Peter Savage wonders if the buzz around 3D is really justified – despite his willingness to don some 3D specs and head to the big screen in his local pub
Last Saturday night I sat and pondered the broadcast question of the moment – 3D or not 3D?
Not unlike poor Hamlet, unable to reconcile his mind on life, I was torn between the hype and the reality when it comes to 3D. Is it really a format that is taking off? Am I missing something – or is it simply a gimmick?
Of course, I had been to the cinema to watch Avatar – in 3D – but cinema is different from everyday life. It’s a special outing, and the big screen is not your standard content format. I wanted to experience 3D in everyday life, to see if it would impress me on the small screen. With that in mind, I decided it was time I experienced WATCHING FOOTBALL in 3D.
A good excuse to go to the pub?
I surfed the web for pubs that offer 3D from Sky and, to my delight, the Red Lion in Wooburn Green, a stone’s throw from my house, was on the list. So, I checked that Sky would be transmitting in 3D and then, early in the day, drove past the pub. With no sign outside saying “Football in 3D” I decided to drop in.
Now, it’s not really a pub that I would usually frequent, but it seemed that most of its locals were already settling in for an afternoon’s pre-game preparation. “Are you showing the match in 3D?” I asked. The landlord queried whether the game would be transmitted in 3D and, when I assured him it would, said I should come back later; I would need to leave a £12 deposit for the 3D glasses then I could watch it on the big screen at the back.
Back to the pub
Off I trooped and returned later, at 7.30 p.m. in readiness for the match and looking forward to joining other local 3D enthusiasts for the big game.
The pub was heaving, so I grabbed a drink, before nipping round the back to the biggest screen. Another dilemma: a large crowd was watching the football…in HD. Not one of my fellow revellers had 3D glasses on. Should I pay £12 for a set of 3D glasses and then ask half the pub if they would mind if I changed the largest screen over to 3D – that only I could watch? No chance, I was far too intimidated by the prospect of this challenge. So, alas, as a consumer, 3D is yet to make its mark on me and I remain sceptical about widespread consumer demand for the format.
Are we making something of nothing?
This raises the question, if 3D was so far ahead in viewability, then surely the whole of the Red Lion would have embraced this new technology? All it required was a £12 returnable deposit and no other extra cost – but no one cared. Perhaps it’s simply that technology alone is not enough to break the consumer viewing habits of a lifetime.
A summer festival of 3D sport is now upon us. Virgin is streaming the French Open in 3D; Wimbledon will be broadcast in cinemas across the country in 3D; and the biggest game in football, since the World Cup – Barcelona versus Manchester United – has been streamed in 3D…yet despite Broadcasters clearly championing the format, my experiment showed that, when it comes to 3D in everyday life, the format still has a way to go before it’s something that consumers desire, expect or demand.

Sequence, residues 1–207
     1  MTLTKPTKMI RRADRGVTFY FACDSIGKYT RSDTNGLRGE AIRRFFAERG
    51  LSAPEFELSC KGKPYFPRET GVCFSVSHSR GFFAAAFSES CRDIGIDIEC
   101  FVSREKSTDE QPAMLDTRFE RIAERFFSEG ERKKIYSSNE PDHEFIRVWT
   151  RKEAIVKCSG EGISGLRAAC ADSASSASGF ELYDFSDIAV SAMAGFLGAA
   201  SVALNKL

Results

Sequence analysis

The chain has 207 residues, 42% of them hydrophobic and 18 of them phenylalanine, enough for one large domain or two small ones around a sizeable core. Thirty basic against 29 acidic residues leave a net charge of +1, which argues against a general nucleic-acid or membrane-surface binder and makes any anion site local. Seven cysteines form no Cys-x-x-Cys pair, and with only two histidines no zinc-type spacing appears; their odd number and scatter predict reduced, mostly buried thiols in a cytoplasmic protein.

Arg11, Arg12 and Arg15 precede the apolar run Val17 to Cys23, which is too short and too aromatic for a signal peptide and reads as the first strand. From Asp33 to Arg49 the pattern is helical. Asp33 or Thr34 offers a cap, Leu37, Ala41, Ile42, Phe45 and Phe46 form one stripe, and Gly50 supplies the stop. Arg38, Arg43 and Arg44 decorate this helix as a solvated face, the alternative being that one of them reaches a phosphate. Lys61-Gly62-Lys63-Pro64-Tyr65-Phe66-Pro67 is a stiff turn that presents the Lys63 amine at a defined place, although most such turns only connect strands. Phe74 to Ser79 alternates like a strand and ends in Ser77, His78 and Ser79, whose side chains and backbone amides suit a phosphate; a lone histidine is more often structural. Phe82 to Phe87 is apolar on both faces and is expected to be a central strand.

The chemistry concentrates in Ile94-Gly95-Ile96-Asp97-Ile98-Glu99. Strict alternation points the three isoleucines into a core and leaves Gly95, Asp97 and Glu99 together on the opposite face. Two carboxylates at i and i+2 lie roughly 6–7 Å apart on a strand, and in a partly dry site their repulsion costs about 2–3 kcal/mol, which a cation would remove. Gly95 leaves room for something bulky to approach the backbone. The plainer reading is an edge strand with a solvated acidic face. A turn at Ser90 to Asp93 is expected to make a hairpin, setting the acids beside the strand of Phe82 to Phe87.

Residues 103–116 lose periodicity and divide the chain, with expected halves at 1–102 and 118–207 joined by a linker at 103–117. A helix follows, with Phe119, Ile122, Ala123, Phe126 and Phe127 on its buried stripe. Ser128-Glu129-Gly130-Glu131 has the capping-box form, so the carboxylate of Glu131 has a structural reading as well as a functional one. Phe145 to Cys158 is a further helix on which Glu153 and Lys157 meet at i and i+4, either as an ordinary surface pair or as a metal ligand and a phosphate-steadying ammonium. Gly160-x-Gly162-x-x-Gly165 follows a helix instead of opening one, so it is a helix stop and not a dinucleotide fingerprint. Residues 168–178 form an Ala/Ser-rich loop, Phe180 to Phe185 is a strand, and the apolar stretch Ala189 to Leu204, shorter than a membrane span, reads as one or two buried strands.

There’s no question that broadcasters believe this format will ultimately revolutionise the sports viewing experience, because producing quality live 3D content is no small investment. Yet, whilst the quality of 3D content production has come on apace, it’s clear that, as with any new format, broadcasters still have a job to do creating that demand with the general public.
Should we invest?
Yes - the reality is that, the format is in its infancy and irrespective of widespread public demand, in the production community, 3D commands a premium. Ultimately, content is king for broadcasters looking to drive public interest in the format, and the market for 3D projects is booming. We have numerous clients working in the 3D space at the moment. Stereoscopic experts are in high demand and they are receiving top dollar for their services.
The past informs the future?
Let’s not forget, Sky has a history of backing and driving successful formats. It almost single-handedly changed the way that television is made in the UK while, at the same time, wrestling the control of sporting rights away from the terrestrials.
15 years ago, when I first signed up to Sky, it was the only place to watch the England v West Indies test series in the Caribbean. Content exclusivity is a huge driver of technology adoption and Sky understands that better than anyone. I wouldn’t be surprised if in the near future, Sky starts transmitting some sporting events on an exclusive 3D basis – driving sports enthusiasts to experience 3D first-hand in their everyday lives – then and only then will the regulars at the Red Lion in Wooburn Green become takers.
As for now, let’s sit back, turn on our televisions and enjoy the summer sporting fest that’s about to start: the French Open, test cricket, various Grandprix, Epsom, Ascot, Goodwood, Wimbledon…and wonder if this is the last summer they are transmitted in 2D?
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